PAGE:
General structure of my application:

[includes] - not accessible by the web
.. important database classes, etc
.. all files that the application publicly uses

I'm trying to make a decision about where I should store the [uploads] folder. This is the where all users will be storing their media (images, etc)


Currently, I have this folder within the [public] folder, but for some reason I'm not convinced that that this is the right place ...

The [includes] folder will not be accessible by the public, only PHP will be able to navigate there.

What are your thoughts on this for best practice sake?

  • Are the media security sensitive in any way? – Pekka Jul 3 '12 at 0:28
  • @Pekka, no I don't think so. But if I did want to keep them secure, what would be the best structure? – dcolumbus Jul 3 '12 at 0:31
  • Should anybody be allowed to access /user123/mypic.jpg or only user123? – Pekka Jul 3 '12 at 0:31
  • I suppose only that user. I mean, without brining "sharing" media into the conversation ... which is a possibility down the road. – dcolumbus Jul 3 '12 at 0:35

In a sibling directory. That is, a directory at the same level as includes/ and public/.

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  • Yes, this is kind of what I was thinking. Are there any downsides? – dcolumbus Jul 3 '12 at 0:31
  • If you're in safe mode then you'll need to add another path to the exceptions list. Also, you can't directly serve those files; but that's what mod_sendfile is for. – Ignacio Vazquez-Abrams Jul 3 '12 at 0:41

It depends on what you are trying to achieve. If you are uploading for example photos for user articles, place them in publicly visible folder such as /public/images (that images are visible either way). If you are on the other hand making an application that will (for example) profit from uploaded files, it's better to place them one level higher, such as /uploads, so that they won't be publicly accesible, but you can create a code that will enable downloads.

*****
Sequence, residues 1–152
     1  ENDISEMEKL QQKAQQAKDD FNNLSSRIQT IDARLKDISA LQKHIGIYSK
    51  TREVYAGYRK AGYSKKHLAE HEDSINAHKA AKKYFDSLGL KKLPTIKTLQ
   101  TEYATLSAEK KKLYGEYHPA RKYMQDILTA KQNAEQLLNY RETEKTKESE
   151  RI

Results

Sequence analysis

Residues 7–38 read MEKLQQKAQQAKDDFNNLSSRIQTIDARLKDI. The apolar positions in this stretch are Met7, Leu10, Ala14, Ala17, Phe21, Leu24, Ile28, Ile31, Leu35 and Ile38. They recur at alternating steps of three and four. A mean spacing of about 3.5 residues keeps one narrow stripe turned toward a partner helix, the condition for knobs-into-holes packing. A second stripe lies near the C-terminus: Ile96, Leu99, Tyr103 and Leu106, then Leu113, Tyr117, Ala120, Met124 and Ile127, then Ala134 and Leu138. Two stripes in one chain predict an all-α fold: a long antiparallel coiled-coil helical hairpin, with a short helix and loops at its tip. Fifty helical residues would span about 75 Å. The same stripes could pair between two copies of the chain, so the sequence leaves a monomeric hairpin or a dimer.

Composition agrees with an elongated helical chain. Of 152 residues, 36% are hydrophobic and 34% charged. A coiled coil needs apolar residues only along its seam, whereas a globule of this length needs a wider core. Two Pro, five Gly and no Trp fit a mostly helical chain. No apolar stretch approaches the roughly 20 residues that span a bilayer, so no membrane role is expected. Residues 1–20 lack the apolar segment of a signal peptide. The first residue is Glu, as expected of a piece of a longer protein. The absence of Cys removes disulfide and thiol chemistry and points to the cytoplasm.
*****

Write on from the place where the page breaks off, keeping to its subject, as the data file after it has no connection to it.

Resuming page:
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  • Well, the browser needs to be able to bring these images in. The point of the application is to allow users to design "presentation" that they can then send out to others. – dcolumbus Jul 3 '12 at 0:36
  • The case is simple: public files go to web/X or public/X, if you want to impose ANY restrictions you need to hide them one level higher. You can obviously make some htaccess magic, but I don't recommend it. – Tomasz Kowalczyk Jul 3 '12 at 0:40
  • So if I need to be bringing these images into an interface that is consumed by the public, I cannot have the "uploads" directory on the same level or higher than "public"? – dcolumbus Jul 3 '12 at 0:41
  • If you put that files in public/X they are publicly visible and you have no control over who whould see what. If you put them one level higher you need to create some "bridges" such as PHP file that'll read images and output them to the browser. – Tomasz Kowalczyk Jul 3 '12 at 0:46

I suppose only that user. I mean, without brining "sharing" media into the conversation ... which is a possibility down the road.

In that case, the usual setup is

  • Place the files outside the web root (ie. outside the public folder - where exactly, is up to you really)

  • Build a PHP script that checks user permissions and passes through the requested file if everything checks out. That PHP script will then be called for every resource like so:


    (or use pretty URL rewriting)

bear in mind, however, that this requires an expensive PHP process to be started for every resource requested. Be sure to use very clever caching to minimize requests.

There are Apache and nginx modules that make this process more efficient named X-Sendfile. That may be worth a look down the road.

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  • The only concern is whether or not the public will be able to "see" the media. An image will be brought into an interface that the public will be able to view as a part of a presentation. – dcolumbus Jul 3 '12 at 0:40
  • @dcolumbus so the file should be accessible to all the world and not just user123? That's not what you said above though? – Pekka Jul 3 '12 at 0:41
  • In the end, the file will be viewable by the public, but only through an interface that user123 has created. – dcolumbus Jul 3 '12 at 0:42
  • Ah. In that case, store the uploads folder inside public, no problem – Pekka Jul 3 '12 at 0:43
  • Is there no way to have the uploads directory on the same level as public and still be able to serve up the files to the browser when requested by the interface? – dcolumbus Jul 3 '12 at 0:46

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